1848 – 1907
Industrial Revolution II

Degas' The Dance Class


Edgar Degas, The Dance Class, oil on canvas, 1874 (Metropolitan Museum of Art)

Speakers: Dr. Steven Zucker, Dr. Beth Harris


Degas, Dance Class, 1874 (Metropolitan Museum of Art)

Hilaire-Germain-Edgar De Gas—who will later contract his name to Degas—is one of the most beloved artists of all time. When there is a Degas exhibition, it becomes a major event. Visitors crowd the galleries and the gift shops do a brisk business selling scarves, umbrellas, and notebooks printed with details from the artist's paintings and drawings of ballerinas. And that's the subject that people want. Yes, of course his bathers and race horses are popular, still it is his dancers that have captured the public's imagination. By the way, Degas hated the fact that he was known as the "painter of dancers" Still, he did return to this theme throughout his career. I find it remarkable that while people see his extraordinary use of line, light, and composition they so often miss the less savory aspects of these images.

Your Comments (4)

Previous Comments

Kelsie wrote on Thursday, March 10, 2011

I am not usually such a fan of the work of the Impressionists, but there is something about Degas' dancers that I find so compelling. They are depicted so honestly, as if we just peeked into their dressing room unexpectedly. I enjoy the fact that although there is no precise narrative to The Dance Class (as there might have been in the works displayed in the salons) there are still clear details which speak to the goings-on of this period. For example, the cityscape reflected in the mirror, the notion of performance as leisure, the snapshot quality of the composition. These are all elements that help the viewer put the work into context.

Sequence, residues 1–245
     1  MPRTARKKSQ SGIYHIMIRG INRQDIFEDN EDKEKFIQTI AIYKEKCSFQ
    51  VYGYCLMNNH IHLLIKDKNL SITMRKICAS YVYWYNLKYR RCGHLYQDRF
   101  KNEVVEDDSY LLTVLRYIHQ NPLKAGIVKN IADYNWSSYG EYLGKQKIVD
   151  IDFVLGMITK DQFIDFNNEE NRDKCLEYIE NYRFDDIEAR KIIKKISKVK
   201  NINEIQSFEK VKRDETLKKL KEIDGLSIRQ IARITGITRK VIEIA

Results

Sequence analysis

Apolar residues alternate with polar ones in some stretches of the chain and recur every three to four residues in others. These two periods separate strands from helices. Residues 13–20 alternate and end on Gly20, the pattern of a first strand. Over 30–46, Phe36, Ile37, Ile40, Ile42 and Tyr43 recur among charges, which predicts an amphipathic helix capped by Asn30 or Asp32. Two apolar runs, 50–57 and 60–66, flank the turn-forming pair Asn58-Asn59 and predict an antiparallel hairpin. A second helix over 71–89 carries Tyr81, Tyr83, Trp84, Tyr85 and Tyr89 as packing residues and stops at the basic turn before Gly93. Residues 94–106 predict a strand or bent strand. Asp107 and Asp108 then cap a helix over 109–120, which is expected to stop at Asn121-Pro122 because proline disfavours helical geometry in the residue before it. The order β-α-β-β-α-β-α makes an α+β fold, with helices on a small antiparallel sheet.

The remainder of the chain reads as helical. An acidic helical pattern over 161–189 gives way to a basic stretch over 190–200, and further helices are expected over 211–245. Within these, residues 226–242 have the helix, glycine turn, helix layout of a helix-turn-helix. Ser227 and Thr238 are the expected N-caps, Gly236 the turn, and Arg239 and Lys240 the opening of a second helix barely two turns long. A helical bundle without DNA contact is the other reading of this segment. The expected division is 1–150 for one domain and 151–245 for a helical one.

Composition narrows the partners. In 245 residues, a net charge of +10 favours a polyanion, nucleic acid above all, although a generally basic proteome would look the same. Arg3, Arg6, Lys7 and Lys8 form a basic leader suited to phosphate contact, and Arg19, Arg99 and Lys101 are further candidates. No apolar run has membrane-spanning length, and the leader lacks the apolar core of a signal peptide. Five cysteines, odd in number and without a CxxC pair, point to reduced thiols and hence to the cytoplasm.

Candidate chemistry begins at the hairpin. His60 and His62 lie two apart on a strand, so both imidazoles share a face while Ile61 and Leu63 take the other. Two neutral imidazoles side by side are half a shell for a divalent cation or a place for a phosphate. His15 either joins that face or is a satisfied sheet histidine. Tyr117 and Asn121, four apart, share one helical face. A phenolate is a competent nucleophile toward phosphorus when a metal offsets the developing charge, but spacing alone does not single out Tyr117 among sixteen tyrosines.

Ktae wrote on Monday, March 21, 2011

Degas is a great artist and this picture is outstanding!!! You really hepled with my art project!! :D

Shar wrote on Wednesday, October 03, 2012

So is Degas a Realist or an Impressionist? Here he is listed under the Realism category but he helped organize the first Impressionist exhibit.

Samantha Landry wrote on Wednesday, March 06, 2013

Degas’s pastel drawings and specifically his oil painting such as The Dance Class, have always inspired my personal art practice due to his use of dramatic lighting and color. However, beyond the beauty of this work, Degas has created a voyeuristic gaze and experience for its viewers. Degas has implied a perspective that suggests that we are looking into an activity in which the figures (ballerinas) are unaware of our presence. And in reference to the term voyeurism, we in some way are forced to feel as though we are receiving pleasure from gazing upon the unconscious figure. Therefore, we the viewers are in some way objectifying the ballerinas with our gaze, which is problematic.

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